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The Italian American, who grew up in Reno, has incorporated multiple references to Venice in decorating his home, including gilt and painted furniture, landscapes of that city and a massive theatrical painted backdrop depicting the Rialto Bridge. An avid scholar of the decorative arts, Iacovelli also collects French Art Deco, Belgian tapestries, Mexican marionettes, Catalina tile tables and 20th century matte green American pottery. And, having previously lived in rentals, he felt free to indulge his taste for a palette he calls "spicy bright" — warm oranges, reds and yellows and blues that are on the green side. Iacovelli's bold wall and ceiling colors — oxblood red and cobalt blue in the dining room — are enhanced with glazing techniques he learned as a scenery painter.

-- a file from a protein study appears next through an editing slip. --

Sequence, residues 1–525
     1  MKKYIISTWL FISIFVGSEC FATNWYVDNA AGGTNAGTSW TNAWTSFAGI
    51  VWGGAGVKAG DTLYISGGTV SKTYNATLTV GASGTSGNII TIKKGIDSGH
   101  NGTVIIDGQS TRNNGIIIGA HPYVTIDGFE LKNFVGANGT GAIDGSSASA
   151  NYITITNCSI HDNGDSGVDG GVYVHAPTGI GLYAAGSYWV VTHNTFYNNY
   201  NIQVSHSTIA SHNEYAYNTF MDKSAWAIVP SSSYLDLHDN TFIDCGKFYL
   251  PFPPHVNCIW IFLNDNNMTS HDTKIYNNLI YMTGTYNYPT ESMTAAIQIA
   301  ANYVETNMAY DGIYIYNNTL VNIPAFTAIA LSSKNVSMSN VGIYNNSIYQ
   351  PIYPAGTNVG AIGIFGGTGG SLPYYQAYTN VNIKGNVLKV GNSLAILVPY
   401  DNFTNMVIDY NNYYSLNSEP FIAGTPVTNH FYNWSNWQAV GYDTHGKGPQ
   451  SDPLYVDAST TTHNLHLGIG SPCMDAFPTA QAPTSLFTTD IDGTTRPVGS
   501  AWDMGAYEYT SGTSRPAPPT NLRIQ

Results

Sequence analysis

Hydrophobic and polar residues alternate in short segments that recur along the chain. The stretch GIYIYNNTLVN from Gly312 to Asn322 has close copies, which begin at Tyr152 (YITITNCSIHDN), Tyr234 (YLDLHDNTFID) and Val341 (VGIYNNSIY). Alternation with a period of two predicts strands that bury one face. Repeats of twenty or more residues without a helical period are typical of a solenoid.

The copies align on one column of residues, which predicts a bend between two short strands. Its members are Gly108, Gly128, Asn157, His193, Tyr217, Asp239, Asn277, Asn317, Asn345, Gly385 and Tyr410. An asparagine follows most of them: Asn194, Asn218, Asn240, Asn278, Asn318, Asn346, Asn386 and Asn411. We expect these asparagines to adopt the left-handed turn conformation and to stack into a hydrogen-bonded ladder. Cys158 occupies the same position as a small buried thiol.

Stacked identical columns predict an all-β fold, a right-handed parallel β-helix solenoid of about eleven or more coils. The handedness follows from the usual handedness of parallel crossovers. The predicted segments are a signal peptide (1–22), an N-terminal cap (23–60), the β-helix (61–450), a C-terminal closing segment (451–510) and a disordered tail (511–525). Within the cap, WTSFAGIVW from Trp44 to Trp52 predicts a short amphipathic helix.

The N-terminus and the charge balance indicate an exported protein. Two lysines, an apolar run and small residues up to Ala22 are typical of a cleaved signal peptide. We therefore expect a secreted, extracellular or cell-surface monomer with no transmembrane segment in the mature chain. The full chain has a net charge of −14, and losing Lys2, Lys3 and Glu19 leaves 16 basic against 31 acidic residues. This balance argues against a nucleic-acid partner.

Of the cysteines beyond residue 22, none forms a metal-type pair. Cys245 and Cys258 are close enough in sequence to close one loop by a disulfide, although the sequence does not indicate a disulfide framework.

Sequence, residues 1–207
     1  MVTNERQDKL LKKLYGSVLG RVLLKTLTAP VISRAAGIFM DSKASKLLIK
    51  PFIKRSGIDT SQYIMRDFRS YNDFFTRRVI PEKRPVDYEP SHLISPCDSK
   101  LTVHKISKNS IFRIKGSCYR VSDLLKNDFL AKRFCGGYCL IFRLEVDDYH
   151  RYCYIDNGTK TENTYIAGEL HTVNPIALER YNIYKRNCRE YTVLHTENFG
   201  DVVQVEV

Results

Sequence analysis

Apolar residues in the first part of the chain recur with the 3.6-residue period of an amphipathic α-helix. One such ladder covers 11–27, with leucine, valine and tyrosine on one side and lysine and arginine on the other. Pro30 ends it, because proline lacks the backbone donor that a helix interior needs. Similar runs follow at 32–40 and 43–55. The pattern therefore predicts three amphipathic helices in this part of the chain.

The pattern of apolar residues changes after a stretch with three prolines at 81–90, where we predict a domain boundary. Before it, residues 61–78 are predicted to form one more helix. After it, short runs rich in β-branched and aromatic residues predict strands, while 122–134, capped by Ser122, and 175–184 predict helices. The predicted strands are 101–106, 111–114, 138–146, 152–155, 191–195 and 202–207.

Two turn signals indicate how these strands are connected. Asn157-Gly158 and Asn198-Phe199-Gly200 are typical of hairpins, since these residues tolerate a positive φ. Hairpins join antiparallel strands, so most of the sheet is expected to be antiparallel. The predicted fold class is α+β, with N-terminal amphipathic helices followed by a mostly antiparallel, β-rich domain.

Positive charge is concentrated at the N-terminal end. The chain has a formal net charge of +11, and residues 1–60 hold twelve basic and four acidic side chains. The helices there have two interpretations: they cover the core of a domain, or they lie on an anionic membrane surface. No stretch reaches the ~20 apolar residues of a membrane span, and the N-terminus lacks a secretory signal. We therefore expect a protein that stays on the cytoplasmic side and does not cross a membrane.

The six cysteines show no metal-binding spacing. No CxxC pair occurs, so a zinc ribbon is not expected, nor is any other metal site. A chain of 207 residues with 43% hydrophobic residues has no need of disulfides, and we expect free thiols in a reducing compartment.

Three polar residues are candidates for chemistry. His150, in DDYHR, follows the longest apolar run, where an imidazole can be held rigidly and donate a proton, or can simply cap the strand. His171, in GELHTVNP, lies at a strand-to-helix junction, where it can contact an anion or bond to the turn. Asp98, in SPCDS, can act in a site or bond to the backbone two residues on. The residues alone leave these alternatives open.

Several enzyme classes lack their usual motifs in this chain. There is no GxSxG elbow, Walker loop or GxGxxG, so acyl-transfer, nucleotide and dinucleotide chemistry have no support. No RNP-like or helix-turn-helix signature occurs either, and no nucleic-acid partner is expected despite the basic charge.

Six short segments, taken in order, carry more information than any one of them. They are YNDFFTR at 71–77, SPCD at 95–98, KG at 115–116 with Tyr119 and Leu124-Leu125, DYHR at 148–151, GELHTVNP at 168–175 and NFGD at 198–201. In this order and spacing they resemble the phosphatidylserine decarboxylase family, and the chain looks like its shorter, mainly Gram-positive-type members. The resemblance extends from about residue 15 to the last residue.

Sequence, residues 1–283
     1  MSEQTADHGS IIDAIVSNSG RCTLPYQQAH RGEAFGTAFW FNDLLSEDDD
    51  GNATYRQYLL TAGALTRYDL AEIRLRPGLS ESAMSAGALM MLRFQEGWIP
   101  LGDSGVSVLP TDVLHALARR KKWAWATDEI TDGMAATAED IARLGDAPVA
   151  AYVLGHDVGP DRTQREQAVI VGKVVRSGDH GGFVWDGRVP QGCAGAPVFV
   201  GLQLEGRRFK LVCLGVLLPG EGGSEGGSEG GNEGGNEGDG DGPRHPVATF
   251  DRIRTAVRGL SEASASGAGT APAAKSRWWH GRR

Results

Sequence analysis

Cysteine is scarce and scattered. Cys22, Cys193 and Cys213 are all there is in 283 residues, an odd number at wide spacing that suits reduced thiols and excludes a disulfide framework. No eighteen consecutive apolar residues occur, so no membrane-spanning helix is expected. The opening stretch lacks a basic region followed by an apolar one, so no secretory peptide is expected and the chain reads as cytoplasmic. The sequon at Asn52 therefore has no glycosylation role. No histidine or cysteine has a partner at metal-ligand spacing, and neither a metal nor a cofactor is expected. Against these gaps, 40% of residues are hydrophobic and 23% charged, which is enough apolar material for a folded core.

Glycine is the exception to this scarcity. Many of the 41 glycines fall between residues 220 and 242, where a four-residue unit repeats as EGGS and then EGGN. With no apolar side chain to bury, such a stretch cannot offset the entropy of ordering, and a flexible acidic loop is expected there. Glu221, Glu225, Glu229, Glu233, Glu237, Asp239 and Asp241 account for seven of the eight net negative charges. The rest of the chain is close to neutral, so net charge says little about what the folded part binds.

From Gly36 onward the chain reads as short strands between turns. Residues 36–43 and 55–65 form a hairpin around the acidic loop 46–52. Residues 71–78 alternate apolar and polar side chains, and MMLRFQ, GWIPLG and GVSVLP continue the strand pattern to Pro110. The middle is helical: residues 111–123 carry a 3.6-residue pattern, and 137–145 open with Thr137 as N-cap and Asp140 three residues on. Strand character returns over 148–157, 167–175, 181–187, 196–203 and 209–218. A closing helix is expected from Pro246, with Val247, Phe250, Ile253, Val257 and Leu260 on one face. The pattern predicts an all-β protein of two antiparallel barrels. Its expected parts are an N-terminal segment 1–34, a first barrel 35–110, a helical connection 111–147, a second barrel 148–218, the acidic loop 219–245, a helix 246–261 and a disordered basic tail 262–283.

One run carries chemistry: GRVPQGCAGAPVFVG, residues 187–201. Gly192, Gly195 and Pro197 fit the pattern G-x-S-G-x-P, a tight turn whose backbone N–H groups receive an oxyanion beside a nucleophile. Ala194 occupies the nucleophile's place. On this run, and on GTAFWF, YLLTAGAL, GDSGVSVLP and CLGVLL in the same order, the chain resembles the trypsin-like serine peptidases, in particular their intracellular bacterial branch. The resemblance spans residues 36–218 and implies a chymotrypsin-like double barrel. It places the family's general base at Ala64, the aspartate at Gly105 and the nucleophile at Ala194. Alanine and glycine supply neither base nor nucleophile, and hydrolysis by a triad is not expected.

Between the guest room and his library, Iacovelli created a reading room. "This room was formerly the porch to the back unit and just last year I enclosed it," he says. Mid-1980s wicker from Macy's, the first furniture he bought in L.A., is enlivened with Southwestern textiles and kilim cushions.
Between the guest room and his library, Iacovelli created a reading room. "This room was formerly the porch to the back unit and just last year I enclosed it," he says. Mid-1980s wicker from Macy's, the first furniture he bought in L.A., is enlivened with Southwestern textiles and kilim cushions. (Liz O. Baylen / Los Angeles Times)

Iacovelli takes inspiration from the English architect John Soane, whose collection of antiquities and architectural salvage is now a museum in London, and Hollywood designer Tony Duquette, who fashioned extravagant sculpture and furniture from common materials.